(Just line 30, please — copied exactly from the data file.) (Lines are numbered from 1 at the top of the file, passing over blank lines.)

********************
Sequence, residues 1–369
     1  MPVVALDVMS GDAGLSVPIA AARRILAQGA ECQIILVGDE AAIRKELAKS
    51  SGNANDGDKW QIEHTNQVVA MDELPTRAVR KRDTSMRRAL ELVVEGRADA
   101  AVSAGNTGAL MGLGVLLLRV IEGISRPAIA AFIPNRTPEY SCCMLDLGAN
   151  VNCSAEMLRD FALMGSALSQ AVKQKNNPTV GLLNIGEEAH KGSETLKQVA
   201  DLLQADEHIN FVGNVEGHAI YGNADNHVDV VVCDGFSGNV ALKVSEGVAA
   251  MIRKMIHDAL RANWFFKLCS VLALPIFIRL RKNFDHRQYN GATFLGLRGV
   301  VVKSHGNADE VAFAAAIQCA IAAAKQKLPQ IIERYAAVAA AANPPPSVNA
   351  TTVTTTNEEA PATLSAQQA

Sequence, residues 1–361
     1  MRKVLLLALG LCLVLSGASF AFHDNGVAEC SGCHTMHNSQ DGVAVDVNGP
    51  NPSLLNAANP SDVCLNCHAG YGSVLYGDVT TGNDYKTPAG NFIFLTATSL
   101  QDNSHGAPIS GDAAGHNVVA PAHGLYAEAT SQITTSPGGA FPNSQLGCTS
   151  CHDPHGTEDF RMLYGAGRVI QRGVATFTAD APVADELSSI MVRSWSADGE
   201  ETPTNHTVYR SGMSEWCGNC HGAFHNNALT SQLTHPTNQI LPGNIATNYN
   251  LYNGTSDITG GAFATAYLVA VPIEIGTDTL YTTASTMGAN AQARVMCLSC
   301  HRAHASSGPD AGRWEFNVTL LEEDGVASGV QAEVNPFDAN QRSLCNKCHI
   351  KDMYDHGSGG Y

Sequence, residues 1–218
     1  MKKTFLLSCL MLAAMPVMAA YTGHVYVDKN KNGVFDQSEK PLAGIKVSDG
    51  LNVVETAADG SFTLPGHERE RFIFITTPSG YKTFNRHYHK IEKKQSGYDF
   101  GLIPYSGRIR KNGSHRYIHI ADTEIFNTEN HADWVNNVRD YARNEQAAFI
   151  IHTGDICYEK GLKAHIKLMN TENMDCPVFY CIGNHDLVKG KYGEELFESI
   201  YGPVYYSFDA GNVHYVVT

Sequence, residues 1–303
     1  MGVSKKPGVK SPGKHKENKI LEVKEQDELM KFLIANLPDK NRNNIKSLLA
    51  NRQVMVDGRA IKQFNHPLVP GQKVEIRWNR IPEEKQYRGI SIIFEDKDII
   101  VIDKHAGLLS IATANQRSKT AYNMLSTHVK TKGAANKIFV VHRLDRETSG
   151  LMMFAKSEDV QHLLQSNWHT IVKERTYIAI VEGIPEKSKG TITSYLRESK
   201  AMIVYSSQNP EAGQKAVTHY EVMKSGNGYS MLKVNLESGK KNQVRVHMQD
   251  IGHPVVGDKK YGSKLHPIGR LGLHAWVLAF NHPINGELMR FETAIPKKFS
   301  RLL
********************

   201  AMIVYSSQNP EAGQKAVTHY EVMKSGNGYS MLKVNLESGK KNQVRVHMQD